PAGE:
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                Author and article information

                Journal
                Lung Cancer (Auckl)
                Lung Cancer (Auckl)
                LCTT
                lctt
                Lung Cancer: Targets and Therapy
                Dove
                1179-2728
                08 January 2020
                2020
                : 11
                : 1-11
                Affiliations
                [1 ]Asbestos Disease Research Institute, Sydney Medical School, University of Sydney , Sydney, New South Wales, Australia
                [2 ]Sydney Medical School, The University of Sydney , Sydney, New South Wales, Australia
                [3 ]Garvan Institute of Medical Research , Sydney, New South Wales, Australia
                [4 ]Concord Repatriation General Hospital , Sydney, New South Wales, Australia
                Author notes
                Correspondence: Yuen Yee Cheng Asbestos Disease Research Institute , PO Box 3628, Rhodes, New South Wales2139, AustraliaTel +61 2 9767 9800Fax +61 2 9767 9860 Email yycheng@adri.org.au
                Author information
                http://orcid.org/0000-0002-8430-5236
                http://orcid.org/0000-0002-7310-2257
                Article
                186843
                10.2147/LCTT.S186843
                6955579
                32021524
                2f618b12-b0f2-4995-a7fa-55594fbd561c
                © 2020 Cheng et al.

                This work is published and licensed by Dove Medical Press Limited. The full terms of this license are available at https://www.dovepress.com/terms.php and incorporate the Creative Commons Attribution – Non Commercial (unported, v3.0) License ( http://creativecommons.org/licenses/by-nc/3.0/). By accessing the work you hereby accept the Terms. Non-commercial uses of the work are permitted without any further permission from Dove Medical Press Limited, provided the work is properly attributed. For permission for commercial use of this work, please see paragraphs 4.2 and 5 of our Terms ( https://www.dovepress.com/terms.php).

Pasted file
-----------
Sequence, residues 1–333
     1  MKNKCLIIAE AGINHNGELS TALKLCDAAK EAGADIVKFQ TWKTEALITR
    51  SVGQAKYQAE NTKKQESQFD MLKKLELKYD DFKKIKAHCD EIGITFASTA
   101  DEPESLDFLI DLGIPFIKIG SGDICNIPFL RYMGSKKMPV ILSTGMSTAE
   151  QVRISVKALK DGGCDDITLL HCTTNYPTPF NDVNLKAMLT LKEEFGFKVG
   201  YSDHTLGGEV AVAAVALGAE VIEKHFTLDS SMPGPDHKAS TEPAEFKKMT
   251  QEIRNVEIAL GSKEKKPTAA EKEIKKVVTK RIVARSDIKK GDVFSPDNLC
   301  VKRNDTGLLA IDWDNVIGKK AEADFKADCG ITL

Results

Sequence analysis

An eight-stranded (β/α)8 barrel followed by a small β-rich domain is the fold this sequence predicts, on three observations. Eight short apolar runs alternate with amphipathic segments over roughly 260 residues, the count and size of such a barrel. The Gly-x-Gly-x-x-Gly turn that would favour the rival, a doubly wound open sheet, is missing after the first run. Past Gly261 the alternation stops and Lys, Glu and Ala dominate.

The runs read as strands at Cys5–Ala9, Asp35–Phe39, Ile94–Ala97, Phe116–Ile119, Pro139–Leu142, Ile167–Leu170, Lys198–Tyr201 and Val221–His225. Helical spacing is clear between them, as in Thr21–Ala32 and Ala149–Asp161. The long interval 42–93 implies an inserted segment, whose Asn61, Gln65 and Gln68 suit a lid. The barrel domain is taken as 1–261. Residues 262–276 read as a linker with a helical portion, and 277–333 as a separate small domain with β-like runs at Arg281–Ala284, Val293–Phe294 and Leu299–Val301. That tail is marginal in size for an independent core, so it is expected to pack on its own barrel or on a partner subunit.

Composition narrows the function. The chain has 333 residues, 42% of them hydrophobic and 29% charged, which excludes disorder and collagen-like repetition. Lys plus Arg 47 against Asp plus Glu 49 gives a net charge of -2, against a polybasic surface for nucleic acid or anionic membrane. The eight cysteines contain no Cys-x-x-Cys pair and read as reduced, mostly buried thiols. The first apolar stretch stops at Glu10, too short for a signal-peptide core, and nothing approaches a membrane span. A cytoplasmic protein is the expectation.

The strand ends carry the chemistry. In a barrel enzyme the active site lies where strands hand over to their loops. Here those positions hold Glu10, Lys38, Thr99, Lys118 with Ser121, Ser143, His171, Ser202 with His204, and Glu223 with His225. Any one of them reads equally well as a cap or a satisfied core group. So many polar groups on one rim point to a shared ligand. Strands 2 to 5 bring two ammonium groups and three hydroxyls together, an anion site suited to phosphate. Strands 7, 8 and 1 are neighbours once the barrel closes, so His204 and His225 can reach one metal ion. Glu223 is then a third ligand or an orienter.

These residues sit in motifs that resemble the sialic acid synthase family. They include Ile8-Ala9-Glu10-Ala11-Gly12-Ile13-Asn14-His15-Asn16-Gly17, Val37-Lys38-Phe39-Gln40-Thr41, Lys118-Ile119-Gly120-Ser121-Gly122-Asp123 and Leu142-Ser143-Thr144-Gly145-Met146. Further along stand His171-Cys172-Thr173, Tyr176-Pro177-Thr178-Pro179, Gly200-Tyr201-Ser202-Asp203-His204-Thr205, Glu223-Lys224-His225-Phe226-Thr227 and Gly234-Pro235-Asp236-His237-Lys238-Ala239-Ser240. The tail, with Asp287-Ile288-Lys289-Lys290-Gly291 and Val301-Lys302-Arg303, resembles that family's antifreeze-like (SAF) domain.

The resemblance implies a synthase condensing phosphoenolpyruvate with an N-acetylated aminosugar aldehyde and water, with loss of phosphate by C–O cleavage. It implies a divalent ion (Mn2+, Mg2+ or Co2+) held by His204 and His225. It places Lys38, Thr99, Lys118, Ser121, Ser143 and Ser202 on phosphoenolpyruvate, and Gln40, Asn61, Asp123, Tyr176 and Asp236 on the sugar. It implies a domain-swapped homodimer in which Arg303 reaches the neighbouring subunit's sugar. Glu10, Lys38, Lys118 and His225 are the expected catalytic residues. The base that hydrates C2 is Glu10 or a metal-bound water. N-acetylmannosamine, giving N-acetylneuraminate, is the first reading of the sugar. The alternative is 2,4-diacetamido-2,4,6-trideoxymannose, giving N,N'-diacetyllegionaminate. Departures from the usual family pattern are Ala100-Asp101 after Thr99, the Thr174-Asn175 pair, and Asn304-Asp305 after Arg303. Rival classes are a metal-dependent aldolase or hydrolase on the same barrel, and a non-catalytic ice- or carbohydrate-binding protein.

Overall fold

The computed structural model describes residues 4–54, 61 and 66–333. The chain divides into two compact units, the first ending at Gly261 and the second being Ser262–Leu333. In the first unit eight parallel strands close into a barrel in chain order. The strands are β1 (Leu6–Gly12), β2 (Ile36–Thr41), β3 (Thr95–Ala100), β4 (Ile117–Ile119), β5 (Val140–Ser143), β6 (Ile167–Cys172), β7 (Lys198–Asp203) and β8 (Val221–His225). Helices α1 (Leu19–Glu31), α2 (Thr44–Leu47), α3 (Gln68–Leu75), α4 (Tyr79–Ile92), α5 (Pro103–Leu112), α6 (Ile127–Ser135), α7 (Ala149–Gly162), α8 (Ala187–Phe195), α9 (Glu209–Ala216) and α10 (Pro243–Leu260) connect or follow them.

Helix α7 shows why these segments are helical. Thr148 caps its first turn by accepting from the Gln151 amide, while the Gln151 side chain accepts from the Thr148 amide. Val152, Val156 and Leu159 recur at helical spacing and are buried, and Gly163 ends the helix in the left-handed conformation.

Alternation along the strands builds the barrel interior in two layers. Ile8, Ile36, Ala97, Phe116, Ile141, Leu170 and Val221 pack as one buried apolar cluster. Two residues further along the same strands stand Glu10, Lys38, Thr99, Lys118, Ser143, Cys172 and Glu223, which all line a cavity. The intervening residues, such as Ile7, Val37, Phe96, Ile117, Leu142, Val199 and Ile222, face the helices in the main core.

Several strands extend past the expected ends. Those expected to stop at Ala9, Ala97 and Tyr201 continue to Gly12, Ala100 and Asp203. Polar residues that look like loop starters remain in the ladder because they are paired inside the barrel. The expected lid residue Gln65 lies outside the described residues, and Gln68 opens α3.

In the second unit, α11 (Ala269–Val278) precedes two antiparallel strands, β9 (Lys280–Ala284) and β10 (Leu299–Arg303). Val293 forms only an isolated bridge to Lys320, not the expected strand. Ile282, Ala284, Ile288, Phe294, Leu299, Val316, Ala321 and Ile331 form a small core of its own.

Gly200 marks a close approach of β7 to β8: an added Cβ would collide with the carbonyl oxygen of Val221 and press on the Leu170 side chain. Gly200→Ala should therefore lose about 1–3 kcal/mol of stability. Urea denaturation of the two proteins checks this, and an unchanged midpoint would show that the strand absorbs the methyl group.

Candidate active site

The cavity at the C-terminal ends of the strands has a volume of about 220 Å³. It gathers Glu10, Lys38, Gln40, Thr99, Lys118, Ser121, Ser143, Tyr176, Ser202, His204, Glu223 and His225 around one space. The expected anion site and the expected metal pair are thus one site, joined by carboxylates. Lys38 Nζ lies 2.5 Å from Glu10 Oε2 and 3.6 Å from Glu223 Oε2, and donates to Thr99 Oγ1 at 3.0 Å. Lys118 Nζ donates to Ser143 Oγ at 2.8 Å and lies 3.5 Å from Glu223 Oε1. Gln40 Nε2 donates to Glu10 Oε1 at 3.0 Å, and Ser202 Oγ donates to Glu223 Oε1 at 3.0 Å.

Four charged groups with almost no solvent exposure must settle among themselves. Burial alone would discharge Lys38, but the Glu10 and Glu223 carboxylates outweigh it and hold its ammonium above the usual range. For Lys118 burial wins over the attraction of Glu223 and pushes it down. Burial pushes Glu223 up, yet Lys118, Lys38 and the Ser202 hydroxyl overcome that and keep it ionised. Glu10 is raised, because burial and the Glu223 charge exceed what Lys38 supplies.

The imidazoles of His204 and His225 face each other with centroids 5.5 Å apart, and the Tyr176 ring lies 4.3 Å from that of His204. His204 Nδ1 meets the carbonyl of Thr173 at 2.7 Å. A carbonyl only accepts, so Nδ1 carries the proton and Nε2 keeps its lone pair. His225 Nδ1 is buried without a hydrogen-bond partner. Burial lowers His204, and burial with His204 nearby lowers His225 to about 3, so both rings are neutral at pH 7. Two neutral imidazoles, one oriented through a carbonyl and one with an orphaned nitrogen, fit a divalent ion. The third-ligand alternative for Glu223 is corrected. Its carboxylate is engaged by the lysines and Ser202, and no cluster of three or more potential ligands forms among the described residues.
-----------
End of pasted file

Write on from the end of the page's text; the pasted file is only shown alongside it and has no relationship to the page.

History
                : 07 August 2019
                : 08 November 2019
                Page count
                Figures: 1, Tables: 4, References: 126, Pages: 11
                Categories
                Review

                lung cancer,epigenetic biomarkers,microrna,dna methylation,immunohistochemistry,ihc,fluorescence in situ hybridization,fish